Namibia, officially the Republic of Namibia, is a country in Southern Africa. Formerly called South West Africa, it is bordered by Zambia and Angola to the north, Botswana to the east, and South Africa to the east and south. It occupies 825,615 square kilometres and consists of five geographical areas: the Central Plateau, the Namib Desert, the Great Escarpment, the Bushveld, and the Kalahari Desert. Namibia is a wonderful destination for tourists who want to have plenty of choices for natural attractions. The capital city is Windhoek.
What to see & do
Etosha National Park - Etosha National Park is one of the most popular wildlife sanctuaries in Southern Africa. It covers 22,270 square kilometres and is named after the large Etosha pan almost entirely within the park. The national park contains hundreds of species of mammals, birds, and reptiles. There are five sites in the park with lodges, three of which have facilities for camping. The lodging and camping accommodation sites are Okaukuejo, Namutoni, Halali, Onkoshi, and Dolmite Camp.
Kalahari Desert - Kalahari Desert is a semi-arid sandy savannah in southern Africa. It lies over 900,000 square kilometres over some parts of Namibia, as well as much of Botswana and South Africa. The riverbeds of the desert are grazing spots, and predators such as lions and cheetahs can occasionally be spotted. The desert is also home to several migratory birds and animals. Kalahari has several game reserves, including the Central Kalahari Game Reserve, the Kgalagadi Transfrontier Park, and the Tswalu Kalahari, the largest private game reserve in South Africa.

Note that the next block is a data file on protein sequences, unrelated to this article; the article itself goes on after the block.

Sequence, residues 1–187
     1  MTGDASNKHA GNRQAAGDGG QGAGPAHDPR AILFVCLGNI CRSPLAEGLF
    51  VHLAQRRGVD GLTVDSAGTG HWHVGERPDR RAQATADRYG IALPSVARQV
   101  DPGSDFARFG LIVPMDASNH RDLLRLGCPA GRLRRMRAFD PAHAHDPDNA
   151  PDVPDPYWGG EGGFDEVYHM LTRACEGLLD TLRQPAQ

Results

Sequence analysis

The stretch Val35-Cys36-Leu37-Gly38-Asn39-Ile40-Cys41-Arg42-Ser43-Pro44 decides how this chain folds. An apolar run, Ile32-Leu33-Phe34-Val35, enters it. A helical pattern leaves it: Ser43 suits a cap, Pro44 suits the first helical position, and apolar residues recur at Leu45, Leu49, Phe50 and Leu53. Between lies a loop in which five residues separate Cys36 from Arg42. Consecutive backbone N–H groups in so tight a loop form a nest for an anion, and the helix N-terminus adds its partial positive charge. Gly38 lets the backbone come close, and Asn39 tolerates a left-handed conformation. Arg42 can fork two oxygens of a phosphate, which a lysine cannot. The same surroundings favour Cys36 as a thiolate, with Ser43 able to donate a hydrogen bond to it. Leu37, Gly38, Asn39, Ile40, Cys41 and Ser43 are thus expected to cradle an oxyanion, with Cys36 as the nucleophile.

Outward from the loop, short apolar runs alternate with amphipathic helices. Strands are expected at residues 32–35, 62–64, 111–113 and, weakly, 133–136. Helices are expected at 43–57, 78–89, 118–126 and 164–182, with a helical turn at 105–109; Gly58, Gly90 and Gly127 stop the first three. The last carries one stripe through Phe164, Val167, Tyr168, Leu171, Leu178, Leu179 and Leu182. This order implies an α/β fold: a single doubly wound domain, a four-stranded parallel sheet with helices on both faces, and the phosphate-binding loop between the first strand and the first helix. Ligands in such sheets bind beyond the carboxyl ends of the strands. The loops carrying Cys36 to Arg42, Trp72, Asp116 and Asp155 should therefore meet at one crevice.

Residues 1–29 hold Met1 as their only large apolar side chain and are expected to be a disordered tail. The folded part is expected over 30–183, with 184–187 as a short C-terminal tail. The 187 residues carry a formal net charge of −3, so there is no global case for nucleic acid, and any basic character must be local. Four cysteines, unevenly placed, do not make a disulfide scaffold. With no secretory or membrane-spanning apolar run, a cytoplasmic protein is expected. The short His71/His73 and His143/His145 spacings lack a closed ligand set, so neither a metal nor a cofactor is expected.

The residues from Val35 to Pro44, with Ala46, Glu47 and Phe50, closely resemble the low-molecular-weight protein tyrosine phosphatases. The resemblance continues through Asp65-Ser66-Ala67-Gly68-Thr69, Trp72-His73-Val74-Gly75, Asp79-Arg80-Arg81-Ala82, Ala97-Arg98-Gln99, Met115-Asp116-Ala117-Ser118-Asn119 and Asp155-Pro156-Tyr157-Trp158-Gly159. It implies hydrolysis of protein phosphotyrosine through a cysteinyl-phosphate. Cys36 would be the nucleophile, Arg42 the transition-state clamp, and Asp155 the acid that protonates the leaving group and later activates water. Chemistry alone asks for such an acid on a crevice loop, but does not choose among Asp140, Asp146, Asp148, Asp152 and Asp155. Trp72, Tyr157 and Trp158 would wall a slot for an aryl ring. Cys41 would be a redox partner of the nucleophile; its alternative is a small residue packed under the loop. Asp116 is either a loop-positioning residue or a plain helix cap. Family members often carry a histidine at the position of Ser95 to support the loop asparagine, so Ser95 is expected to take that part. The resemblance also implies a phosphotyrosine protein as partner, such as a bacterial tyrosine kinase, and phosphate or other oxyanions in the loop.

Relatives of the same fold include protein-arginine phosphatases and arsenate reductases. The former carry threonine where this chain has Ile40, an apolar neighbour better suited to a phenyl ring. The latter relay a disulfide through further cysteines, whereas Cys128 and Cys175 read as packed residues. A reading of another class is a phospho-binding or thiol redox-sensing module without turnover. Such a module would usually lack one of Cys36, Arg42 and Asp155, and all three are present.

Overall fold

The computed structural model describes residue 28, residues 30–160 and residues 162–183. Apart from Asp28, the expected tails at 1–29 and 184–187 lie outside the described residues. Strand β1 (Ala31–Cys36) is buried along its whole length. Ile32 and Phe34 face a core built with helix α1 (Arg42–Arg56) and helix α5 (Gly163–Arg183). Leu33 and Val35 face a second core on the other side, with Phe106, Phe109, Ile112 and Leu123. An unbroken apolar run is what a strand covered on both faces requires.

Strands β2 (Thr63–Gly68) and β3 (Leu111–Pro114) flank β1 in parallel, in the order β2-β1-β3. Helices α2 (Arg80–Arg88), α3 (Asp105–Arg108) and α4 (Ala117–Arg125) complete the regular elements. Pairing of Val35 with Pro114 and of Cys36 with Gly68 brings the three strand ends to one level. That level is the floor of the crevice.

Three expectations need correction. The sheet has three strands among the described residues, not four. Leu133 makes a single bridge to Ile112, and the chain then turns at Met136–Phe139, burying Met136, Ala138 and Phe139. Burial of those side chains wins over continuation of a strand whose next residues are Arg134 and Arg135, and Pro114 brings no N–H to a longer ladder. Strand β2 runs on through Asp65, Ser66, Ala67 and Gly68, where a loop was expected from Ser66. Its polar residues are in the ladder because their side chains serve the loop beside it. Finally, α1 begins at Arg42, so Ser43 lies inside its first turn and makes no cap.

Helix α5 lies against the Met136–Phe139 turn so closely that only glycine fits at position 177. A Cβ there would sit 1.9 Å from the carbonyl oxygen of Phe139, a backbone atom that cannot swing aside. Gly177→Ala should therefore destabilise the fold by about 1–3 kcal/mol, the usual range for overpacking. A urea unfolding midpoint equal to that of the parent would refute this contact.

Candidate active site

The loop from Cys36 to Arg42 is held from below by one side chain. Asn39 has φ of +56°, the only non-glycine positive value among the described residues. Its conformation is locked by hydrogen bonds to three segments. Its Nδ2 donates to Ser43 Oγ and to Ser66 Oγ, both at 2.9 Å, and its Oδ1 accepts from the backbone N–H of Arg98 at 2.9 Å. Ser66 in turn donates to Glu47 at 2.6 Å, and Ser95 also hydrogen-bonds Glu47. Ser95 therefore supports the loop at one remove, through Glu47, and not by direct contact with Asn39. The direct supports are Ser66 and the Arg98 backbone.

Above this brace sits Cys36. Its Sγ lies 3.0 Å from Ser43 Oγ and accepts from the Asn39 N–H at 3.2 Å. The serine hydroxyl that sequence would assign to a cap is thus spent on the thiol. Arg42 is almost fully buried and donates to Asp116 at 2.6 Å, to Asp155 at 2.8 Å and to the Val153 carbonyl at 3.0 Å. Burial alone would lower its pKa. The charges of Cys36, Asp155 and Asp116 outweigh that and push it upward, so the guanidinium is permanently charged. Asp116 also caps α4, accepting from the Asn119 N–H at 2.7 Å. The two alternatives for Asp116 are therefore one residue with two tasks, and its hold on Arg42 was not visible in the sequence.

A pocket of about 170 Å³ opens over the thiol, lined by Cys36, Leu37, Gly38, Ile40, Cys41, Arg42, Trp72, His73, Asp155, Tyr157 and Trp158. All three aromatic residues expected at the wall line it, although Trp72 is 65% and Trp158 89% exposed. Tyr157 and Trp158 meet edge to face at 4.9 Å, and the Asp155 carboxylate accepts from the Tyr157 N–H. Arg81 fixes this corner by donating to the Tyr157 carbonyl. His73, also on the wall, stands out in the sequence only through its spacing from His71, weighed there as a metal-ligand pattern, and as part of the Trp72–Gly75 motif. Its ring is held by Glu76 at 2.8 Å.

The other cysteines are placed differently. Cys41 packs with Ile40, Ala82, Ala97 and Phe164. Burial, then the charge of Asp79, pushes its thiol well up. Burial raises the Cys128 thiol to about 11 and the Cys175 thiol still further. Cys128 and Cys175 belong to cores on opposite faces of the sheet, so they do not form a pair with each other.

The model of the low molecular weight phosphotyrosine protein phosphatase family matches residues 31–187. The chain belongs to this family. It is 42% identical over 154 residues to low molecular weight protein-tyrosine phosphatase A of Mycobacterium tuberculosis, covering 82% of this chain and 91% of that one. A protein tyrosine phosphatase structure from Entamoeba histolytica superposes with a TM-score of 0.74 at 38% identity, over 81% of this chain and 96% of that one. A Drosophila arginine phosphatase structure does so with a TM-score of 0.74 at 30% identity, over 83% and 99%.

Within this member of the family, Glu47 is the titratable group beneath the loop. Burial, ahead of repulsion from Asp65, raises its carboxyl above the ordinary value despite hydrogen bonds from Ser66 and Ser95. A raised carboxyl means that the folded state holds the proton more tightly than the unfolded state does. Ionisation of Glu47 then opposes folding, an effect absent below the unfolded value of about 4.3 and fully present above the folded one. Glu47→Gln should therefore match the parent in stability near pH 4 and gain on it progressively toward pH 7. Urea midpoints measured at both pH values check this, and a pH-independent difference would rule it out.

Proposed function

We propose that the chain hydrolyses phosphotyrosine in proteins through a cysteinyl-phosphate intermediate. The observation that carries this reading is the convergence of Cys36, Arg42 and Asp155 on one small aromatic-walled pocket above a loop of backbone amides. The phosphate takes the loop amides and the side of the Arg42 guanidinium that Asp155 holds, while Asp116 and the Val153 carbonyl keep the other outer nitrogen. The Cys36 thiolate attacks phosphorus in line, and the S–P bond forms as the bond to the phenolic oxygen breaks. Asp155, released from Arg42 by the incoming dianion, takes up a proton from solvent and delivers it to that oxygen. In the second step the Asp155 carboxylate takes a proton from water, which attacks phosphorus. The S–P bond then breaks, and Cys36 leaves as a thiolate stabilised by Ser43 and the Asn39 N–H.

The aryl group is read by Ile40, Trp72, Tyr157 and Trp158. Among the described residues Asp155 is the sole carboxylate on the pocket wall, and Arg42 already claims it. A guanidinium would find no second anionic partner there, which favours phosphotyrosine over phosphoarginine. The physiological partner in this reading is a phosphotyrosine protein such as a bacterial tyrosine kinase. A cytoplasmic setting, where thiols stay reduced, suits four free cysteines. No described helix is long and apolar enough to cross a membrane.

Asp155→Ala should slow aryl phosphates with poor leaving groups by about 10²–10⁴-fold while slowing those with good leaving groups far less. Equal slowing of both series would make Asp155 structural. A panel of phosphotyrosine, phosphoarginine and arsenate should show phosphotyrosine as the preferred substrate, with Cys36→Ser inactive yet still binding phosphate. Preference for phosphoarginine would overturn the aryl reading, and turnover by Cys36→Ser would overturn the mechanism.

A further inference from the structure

Fish River Canyon Park - The Fish River Canyon Park is one of the largest canyons in the world, and the most recognised Natural Wonder of Namibia. Its gigantic ravine is about 100 miles long, up to 27 kilometres wide, and in the deepest part almost 550 metres deep. It contains the Fish River, the longest interior river in Namibia. There is a popular hiking trail in the Fish River Canyon that generally follows 88 kilometres of the Fish River through Ai Ais. There are no amenities around, so travellers would have to bring all their own equipment and needs.
How to get around within Namibia
Renting a car in Namibia can be good and often even more convenient if you're really after a more flexible schedule and routes. Gas stations do not accept forms of payment other than cash, so always make sure you have plenty with you. The primary roads on Namibia are good and paved, and secondary routes have well-graded gravel. A 4WD is not necessary if you have no plans of going on tertiary roads and the Skeleton Coast. Do be careful when driving at night (or avoid it as much as you can) as there is plenty of wildlife on the roads.
For those who would rather make use of local transport, TransNamib operates air-conditioned buses and trains to destinations all over Namibia. Minibus taxis, or combies (shared or long-distance taxis), can be boarded at taxi ranks. There is really no need to negotiate, as the minibus taxi drivers in Namibia are not in the habit of overcharging tourists.
How to get there
Hosea Kutako International Airport is the primary airport in Namibia with international connections. It receives passenger service from Cape Town, Frankfurt, Harare, Johannesburg, Luanda, Lüderitz, Lusaka, Maun, Oranjemund, Victoria Falls, and Walvis Bay. The airlines serving the airport are Airlink, Air Namibia, British Airways, Condor, Namibia flyafrica.com, South African Airways, South African Express, and TAAG Angola Airlines. In addition to air travel, there nine commonly used border posts with the neighbouring countries. The most convenient international bus routes into Namibia are from Cape Town and Victoria Falls.
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